provided by a third-party entity, or vendor. Each version of
the vendor's data that you decide to absorb into your project is
called a vendor drop.
Vendor branches provide two key benefits. First, by storing
the currently supported vendor drop in your own version control
system, the members of your project never need to question
whether they have the right version of the vendor's data. They
simply receive that correct version as part of their regular
working copy updates. Secondly, because the data lives in your
own Subversion repository, you can store your custom changes to
it in-place—you have no more need of an automated (or
worse, manual) method for swapping in your customizations.
General Vendor Branch Management Procedure
Managing vendor branches generally works like this. You
create a top-level directory (such as
/vendor) to hold the vendor branches.
Then you import the third party code into a subdirectory of
that top-level directory. You then copy that subdirectory
into your main development branch (for example,
/trunk) at the appropriate location. You
always make your local changes in the main development branch.
With each new release of the code you are tracking you bring
it into the vendor branch and merge the changes into
/trunk, resolving whatever conflicts
occur between your local changes and the upstream
Perhaps an example will help to clarify this algorithm.
We'll use a scenario where your development team is creating a
calculator program that links against a third-party complex
number arithmetic library, libcomplex. We'll begin with the
initial creation of the vendor branch, and the import of the
first vendor drop. We'll call our vendor branch directory
libcomplex, and our code drops will go
into a subdirectory of our vendor branch called
current. And since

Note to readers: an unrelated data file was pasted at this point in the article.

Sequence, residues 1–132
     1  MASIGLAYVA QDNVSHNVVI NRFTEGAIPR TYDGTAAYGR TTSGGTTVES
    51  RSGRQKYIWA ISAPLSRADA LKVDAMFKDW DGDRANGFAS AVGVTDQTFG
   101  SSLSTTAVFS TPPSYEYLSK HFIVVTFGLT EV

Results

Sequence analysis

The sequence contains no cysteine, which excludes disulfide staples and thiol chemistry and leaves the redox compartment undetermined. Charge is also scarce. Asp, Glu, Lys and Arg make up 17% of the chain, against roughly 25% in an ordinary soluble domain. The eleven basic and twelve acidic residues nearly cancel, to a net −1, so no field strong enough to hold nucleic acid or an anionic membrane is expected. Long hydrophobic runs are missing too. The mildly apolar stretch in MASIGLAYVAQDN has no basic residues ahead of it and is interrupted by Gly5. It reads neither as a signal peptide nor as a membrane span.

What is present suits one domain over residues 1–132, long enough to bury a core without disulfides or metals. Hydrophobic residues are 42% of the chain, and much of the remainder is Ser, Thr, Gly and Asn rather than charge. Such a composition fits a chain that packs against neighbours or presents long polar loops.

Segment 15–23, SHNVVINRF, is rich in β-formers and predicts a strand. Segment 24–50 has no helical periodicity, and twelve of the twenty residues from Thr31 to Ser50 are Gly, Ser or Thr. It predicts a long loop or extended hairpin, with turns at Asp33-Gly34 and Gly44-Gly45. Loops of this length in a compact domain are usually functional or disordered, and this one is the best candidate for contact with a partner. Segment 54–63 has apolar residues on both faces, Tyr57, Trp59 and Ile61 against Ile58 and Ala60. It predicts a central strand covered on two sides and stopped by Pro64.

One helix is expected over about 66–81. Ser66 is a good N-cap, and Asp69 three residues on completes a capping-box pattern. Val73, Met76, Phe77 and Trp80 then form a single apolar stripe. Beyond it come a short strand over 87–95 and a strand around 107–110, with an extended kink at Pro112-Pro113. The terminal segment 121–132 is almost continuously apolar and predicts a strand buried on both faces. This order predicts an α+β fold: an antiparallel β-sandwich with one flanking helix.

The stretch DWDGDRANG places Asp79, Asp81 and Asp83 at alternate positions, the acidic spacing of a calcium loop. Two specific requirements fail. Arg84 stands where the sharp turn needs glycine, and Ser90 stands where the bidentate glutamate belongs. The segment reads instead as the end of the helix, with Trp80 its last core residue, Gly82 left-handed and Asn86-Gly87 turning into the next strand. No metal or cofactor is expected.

creates all the intermediate parent
directories it needs, we can actually accomplish both of these
steps with a single command.
$ svn import /path/to/libcomplex-1.0 \
-m 'importing initial 1.0 vendor drop'
We now have the current version of the libcomplex source
we tag that version (see
the section called “Tags”)
and then copy it into the main development branch. Our copy
will create a new directory called
libcomplex in our existing
calc project directory. It is in this
copied version of the vendor data that we will make our
$ svn copy https://svn.example.com/repos/vendor/libcomplex/current \
-m 'tagging libcomplex-1.0'
$ svn copy https://svn.example.com/repos/vendor/libcomplex/1.0 \
-m 'bringing libcomplex-1.0 into the main branch'
We check out our project's main branch—which now
includes a copy of the first vendor drop—and we get to
work customizing the libcomplex code. Before we know it, our
modified version of libcomplex is now completely integrated
into our calculator program.
A few weeks later, the developers of libcomplex release a
new version of their library—version 1.1—which
contains some features and functionality that we really want.
We'd like to upgrade to this new version, but without losing
the customizations we made to the existing version. What we